changed metro-Boston transmitter facilities (1200, 1330, 1600)

Tue Sep 16 07:22:27 EDT 2008

Currently, under the terms of their STAs, all three stations are
running substantially less than full power except when they are
actually making proof-of-performance measurements. Until licenses to
cover are granted, for reasons known, I think, only to the FCC, all
three stations are limited to the powers they used to use before the
move (or, in the case of WUNR, which did not move, the "upgrade").
That means that WRCA and WUNR are supposed to be running 5 kW-U and
WKOX is running 10 kW-D/1 kW-N. Because all three stations previously
used very tall towers, which in two of three cases (WRCA, WKOX), were
also top loaded, the current temporary operations are clearly

Moreover, because of the "ratchet rule", which requires signal
reductions in the direction of existing co- and first-adjacent-channel
stations, both WUNR, which must increase daytime protection to WSMN,
and WRCA, which must increase daytime protection to WDER, have to
reduce their daytime signals to the north--the direction in which Mark
lives. WUNR has the additional handicap of being DA-1, which imposes
the daytime limitation on its night operation. When WUNR gets up to
its CP power of 20 kW-U, its inverse-distance field toward me (~355
degrees true and a little less than nine miles from the site) will
still be equivalent to what I would have gotten from the old array if
WUNR had CUT its power by a factor of ~2! In addition, I am skeptical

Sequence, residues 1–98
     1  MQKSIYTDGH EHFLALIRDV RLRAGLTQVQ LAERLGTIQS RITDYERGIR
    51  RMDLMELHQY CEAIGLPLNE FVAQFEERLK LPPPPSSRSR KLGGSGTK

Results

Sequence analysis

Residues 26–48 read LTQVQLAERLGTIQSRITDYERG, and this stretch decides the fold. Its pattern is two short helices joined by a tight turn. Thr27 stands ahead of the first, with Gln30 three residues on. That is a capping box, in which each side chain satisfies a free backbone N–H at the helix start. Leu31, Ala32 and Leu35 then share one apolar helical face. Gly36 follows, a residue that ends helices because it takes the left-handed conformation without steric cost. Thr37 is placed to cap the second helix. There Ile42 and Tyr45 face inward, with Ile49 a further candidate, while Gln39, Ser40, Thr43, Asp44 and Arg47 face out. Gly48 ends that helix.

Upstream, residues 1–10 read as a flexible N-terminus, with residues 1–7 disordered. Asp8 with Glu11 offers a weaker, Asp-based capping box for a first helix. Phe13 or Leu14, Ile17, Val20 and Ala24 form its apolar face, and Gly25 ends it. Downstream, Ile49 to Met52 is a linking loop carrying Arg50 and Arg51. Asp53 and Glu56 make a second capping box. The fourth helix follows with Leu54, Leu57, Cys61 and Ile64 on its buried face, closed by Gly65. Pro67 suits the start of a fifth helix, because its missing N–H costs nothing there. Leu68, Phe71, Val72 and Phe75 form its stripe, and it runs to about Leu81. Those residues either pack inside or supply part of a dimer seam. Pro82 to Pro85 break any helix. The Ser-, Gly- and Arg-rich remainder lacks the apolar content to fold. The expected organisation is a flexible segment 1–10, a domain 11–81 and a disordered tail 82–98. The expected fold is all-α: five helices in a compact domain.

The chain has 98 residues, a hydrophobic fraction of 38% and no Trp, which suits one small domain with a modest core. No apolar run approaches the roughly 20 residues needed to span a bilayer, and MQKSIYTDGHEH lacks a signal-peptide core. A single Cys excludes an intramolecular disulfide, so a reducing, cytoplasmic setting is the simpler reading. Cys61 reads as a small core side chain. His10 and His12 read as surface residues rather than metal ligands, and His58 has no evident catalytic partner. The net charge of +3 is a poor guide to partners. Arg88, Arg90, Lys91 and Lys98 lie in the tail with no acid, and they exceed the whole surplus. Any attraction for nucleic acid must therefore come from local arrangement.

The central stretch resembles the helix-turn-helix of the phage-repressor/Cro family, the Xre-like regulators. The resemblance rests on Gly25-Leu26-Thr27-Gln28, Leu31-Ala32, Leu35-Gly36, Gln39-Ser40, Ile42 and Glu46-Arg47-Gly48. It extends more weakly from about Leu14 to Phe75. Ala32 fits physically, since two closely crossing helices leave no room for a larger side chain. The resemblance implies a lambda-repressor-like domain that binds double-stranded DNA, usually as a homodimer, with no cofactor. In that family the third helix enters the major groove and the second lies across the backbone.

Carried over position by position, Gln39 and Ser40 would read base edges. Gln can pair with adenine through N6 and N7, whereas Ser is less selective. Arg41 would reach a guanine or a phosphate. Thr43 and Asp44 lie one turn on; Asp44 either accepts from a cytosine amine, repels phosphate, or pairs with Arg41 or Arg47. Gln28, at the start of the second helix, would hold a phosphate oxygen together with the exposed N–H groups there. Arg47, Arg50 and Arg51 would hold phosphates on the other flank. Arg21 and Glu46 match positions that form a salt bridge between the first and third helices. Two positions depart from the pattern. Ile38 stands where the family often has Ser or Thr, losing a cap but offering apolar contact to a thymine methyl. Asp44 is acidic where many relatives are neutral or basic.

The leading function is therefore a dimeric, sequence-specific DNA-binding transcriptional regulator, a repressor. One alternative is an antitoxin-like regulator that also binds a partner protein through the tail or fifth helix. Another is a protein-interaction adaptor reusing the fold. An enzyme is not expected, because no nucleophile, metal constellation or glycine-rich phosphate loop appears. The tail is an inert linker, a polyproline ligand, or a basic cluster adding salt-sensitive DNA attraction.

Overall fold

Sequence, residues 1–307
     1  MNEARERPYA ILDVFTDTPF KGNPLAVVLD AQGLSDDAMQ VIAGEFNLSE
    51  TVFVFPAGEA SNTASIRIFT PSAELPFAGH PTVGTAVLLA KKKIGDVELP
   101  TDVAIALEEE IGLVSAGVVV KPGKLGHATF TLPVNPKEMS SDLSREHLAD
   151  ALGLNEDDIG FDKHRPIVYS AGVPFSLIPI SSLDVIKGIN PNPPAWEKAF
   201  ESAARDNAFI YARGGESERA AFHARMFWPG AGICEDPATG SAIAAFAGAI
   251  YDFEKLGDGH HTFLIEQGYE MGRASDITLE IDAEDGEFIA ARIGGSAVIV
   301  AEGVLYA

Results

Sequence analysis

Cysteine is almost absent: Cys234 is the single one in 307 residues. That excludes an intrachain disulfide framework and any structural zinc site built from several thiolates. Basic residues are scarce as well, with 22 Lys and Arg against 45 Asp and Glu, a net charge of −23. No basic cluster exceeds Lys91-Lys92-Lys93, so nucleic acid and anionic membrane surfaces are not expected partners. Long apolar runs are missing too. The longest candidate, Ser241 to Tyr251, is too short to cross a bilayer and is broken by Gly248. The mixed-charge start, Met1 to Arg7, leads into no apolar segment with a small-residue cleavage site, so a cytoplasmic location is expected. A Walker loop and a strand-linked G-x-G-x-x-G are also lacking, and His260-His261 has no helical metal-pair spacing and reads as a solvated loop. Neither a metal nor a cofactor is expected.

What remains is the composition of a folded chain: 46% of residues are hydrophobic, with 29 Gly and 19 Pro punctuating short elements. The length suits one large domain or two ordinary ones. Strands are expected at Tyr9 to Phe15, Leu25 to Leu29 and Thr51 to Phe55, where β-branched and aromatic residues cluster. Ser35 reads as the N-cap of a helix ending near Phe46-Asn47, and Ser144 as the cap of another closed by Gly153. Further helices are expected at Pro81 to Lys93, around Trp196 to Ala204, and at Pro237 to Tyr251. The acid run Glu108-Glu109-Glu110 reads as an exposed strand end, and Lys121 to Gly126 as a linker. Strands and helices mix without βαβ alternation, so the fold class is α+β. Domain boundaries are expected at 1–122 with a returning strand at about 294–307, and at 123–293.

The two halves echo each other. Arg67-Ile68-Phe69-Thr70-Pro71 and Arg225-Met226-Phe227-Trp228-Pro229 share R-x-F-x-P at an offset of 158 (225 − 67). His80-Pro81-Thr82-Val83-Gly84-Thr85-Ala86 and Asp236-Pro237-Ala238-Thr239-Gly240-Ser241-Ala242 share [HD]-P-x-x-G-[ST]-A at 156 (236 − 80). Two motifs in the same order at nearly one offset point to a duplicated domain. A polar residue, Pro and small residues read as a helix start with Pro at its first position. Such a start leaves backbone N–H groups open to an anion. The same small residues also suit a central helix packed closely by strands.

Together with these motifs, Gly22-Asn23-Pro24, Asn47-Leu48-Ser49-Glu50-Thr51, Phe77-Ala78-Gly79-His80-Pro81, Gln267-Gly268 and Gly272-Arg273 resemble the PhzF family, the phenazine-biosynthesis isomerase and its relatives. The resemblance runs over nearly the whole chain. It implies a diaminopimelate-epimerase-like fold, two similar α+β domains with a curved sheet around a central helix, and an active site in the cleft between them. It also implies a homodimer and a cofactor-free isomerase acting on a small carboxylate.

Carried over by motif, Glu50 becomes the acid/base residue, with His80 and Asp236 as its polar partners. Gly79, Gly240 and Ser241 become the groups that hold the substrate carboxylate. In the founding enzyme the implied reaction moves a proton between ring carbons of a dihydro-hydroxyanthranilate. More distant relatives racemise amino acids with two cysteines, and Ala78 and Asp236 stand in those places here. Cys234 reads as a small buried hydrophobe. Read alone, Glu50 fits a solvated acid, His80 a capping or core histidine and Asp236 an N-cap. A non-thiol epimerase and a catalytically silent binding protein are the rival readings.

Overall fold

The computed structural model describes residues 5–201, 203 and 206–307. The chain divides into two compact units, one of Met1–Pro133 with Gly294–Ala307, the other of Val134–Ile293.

about whether WUNR had been running even 5 kW into the new array at
night until just within the past day or so.

If you look at WRCA's new day and night patterns, you will see that
the new 25 kW day pattern is mch narower than the new 17 kW night
pattern. Using the standard descriptors for pattern shape (cardioid,
teardrop, etc) for the WRCA and WUNR patterns is a bit misleading, but
WRCA's (five-tower) day pattern is closest to a teardrop and its
(four-tower) night pattern is closest to a cardioid. Where I live,
WRCA's inverse-distance field is supposed to be greater at night with
the lower power than it is by day with the higher power. I must say
that my listening tests fail to confirm this because WRCA's temporary
use of the same day and night powers should accentuate the difference,
and WRCA sounds somewhat weaker to me at night than by day.

Anyhow, the bottom lines to all of this are: 1) Don't draw conclusions
about any of the three signals until the licenses to cover have been
granted. 2) So far, I can find no evidence that the Sawmill Brook
Parkway site is a great one, even though Mark has been extolling its
virtues for years. 3) None of the three stations is going to have a
killer full-market signal, although their signals should be very
strong in the inner city where their target ethnic populations live.
As for WKOX, although I have a map that shows my house just barely
inside of WKOX's 13.<something> mV/m NIF contour, I think I will wind
up slightly outside of that contour. It'll be a decent signal and
completely listenable, however. By day, WKOX's signal where I live
should be closest in strength to WBZ's.

Dan Strassberg (
eFax 1-707-215-6367

----- Original Message ----- 
From: <>
To: <>; <>;
Sent: Monday, September 15, 2008 9:53 PM
Subject: changed metro-Boston transmitter facilities (1200, 1330,

> Three stations (WKOX-1200, WRCA-1330, and WUNR-1600) apparently are
> all transmitting from a new antenna set-up at WUNR's site in the
> southern part (Oak Park section) of Newton near the Charles River.
> I'm thinking that these stations are still running something less
> than their allotted power levels since all three have unimpressive
> signals here (roughly 16 miles north of them).

> Mark Connelly, WA1ION

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